Two award-winning Isle of Wight beaches have been chosen to be part of a major Environment Agency pilot scheme.
The project is aimed at improving the monitoring of water quality and how the public is then informed.
The pilot scheme, which will involve Cowes and Shanklin beaches and 30 other beaches countrywide, predicts when so called ‘short term’ pollution may occur in bathing waters.
Short-term pollution, which lasts no more than 72 hours, has clear causes such as rainfall or water run-off into the sea and can be predicted to affect the quality of bathing water.
Predictions are based on rainfall measurements and are very similar to weather forecasts. Should there be a chance of short term pollution occurring, warning signs are then put up at the beach.
People using the beaches at Cowes and Shanklin will then be able to see when the water quality is likely to be lower than normal.
By 2015, all Island beaches will face tougher standards for water quality, due to the revised European bathing water standards.
If successful, the new scheme will be extended to other bathing areas during the 2014 season.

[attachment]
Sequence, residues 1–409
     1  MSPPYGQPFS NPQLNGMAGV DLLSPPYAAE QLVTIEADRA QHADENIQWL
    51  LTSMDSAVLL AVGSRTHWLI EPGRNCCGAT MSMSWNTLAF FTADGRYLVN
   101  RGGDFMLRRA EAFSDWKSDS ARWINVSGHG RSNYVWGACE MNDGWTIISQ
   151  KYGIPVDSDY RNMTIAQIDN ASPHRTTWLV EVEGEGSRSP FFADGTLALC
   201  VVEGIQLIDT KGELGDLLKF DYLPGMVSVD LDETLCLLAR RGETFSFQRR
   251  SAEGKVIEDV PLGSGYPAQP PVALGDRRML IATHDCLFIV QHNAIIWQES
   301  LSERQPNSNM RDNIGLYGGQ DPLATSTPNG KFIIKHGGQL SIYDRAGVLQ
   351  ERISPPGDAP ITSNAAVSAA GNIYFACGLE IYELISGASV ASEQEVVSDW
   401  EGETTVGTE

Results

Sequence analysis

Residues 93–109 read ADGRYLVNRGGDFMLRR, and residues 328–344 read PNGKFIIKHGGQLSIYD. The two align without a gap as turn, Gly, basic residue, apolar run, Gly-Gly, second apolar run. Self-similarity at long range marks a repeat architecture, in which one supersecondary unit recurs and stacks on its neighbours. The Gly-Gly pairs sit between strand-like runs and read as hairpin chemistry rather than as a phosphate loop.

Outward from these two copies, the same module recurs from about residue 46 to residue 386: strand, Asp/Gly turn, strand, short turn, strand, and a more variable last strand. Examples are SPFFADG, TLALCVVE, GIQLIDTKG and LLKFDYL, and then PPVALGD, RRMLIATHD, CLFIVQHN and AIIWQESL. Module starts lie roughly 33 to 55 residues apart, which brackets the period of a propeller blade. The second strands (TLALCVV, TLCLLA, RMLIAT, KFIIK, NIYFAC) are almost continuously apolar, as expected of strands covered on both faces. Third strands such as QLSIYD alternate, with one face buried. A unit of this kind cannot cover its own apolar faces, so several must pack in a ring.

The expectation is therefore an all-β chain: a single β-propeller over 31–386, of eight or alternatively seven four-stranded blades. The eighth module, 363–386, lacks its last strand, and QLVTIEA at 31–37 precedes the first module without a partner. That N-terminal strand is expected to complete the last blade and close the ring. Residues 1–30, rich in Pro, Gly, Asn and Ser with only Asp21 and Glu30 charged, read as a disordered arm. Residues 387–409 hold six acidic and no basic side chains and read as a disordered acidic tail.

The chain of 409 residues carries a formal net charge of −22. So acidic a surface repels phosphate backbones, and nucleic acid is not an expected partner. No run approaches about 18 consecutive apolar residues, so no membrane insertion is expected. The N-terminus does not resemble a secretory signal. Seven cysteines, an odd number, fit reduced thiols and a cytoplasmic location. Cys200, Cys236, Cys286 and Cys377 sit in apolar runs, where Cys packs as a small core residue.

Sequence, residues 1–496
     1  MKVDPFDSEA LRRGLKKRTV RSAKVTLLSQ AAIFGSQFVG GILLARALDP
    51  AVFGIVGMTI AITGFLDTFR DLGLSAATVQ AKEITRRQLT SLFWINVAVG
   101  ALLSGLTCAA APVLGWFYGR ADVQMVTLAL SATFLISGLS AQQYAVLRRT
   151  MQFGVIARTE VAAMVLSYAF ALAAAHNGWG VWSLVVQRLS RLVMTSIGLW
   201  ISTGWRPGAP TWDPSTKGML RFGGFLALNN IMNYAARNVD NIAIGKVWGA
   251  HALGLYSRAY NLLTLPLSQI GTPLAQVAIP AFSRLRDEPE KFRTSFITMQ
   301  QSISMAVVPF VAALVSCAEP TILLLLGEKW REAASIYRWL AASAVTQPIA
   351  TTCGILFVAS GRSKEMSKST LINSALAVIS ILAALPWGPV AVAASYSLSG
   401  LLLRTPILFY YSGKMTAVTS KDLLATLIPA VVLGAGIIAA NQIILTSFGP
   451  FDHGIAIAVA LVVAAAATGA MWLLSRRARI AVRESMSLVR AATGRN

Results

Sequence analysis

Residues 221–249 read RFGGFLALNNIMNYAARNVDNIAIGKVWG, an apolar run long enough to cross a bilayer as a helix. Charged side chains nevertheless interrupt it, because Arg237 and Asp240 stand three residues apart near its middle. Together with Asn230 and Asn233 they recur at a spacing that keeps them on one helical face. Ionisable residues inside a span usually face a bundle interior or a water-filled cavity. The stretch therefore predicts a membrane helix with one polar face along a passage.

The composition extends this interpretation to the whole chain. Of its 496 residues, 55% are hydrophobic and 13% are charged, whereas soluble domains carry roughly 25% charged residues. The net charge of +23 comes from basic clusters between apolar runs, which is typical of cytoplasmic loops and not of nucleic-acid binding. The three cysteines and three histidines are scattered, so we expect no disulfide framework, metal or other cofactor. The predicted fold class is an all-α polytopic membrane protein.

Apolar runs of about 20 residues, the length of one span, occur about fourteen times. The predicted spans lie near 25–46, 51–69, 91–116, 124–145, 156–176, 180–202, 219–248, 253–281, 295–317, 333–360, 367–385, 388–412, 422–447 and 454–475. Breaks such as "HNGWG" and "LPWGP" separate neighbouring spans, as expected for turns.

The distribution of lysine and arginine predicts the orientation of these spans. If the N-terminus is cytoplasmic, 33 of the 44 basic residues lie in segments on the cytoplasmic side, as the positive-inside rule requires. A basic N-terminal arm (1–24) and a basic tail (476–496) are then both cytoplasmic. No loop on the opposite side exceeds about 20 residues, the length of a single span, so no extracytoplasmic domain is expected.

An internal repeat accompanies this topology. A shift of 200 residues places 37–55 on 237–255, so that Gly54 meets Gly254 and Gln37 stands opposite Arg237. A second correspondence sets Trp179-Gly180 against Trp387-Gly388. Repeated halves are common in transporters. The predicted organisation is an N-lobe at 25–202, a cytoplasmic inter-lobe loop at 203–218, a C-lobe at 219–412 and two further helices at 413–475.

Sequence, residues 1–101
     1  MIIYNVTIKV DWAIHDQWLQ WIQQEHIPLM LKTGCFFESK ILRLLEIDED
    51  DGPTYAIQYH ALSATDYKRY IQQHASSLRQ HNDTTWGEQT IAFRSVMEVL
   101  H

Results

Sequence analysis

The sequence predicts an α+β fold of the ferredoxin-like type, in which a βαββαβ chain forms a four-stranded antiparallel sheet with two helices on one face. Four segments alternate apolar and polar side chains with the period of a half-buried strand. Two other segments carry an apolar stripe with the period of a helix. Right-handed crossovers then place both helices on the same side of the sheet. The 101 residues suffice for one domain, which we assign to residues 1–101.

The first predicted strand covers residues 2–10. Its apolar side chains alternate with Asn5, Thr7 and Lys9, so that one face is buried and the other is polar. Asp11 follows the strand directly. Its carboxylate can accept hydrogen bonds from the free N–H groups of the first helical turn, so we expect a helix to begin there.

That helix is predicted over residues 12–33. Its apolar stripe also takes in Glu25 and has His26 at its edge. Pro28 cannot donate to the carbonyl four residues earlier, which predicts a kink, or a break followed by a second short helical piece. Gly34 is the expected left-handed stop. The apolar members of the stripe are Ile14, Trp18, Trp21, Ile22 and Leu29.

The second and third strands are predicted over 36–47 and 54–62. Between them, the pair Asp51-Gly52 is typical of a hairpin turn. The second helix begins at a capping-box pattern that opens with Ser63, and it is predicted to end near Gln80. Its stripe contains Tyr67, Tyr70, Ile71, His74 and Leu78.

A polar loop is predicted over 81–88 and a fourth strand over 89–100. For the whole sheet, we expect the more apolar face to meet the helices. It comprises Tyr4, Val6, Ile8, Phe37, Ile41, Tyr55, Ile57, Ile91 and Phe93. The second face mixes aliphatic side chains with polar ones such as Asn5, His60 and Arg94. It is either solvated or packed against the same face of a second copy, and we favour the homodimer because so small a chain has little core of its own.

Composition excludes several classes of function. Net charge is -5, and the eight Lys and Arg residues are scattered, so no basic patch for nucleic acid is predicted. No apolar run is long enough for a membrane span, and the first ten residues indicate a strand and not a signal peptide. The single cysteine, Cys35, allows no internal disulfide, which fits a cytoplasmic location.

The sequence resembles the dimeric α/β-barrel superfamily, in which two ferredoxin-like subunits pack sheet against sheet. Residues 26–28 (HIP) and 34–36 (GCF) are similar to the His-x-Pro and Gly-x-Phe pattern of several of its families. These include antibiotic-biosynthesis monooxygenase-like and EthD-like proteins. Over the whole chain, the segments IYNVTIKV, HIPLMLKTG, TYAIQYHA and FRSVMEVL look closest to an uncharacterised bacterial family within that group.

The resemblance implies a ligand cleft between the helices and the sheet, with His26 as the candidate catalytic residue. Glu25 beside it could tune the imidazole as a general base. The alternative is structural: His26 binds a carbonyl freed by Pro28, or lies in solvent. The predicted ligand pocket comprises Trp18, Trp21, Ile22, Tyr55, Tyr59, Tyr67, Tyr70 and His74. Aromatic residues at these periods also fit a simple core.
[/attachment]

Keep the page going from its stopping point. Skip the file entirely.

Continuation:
Councillor Shirley Smart, cabinet member for tourism and economy, said:
“We are very proud of our beaches which are among the best in the country and a major attraction for visitors and residents alike.
“Telling people about the times a deterioration in water quality may happen underlines the council’s commitment to keeping the public safe and that we are acting responsibly to monitor any change to our sea water quality.”
In May, 13 beaches maintained by the Isle of Wight Council won four Blue Flags and 13 Seaside Awards. The total of 17 awards means the Isle of Wight is number one in the country for the amount of award-winning beaches.
More information is at www.environment-agency.co.uk
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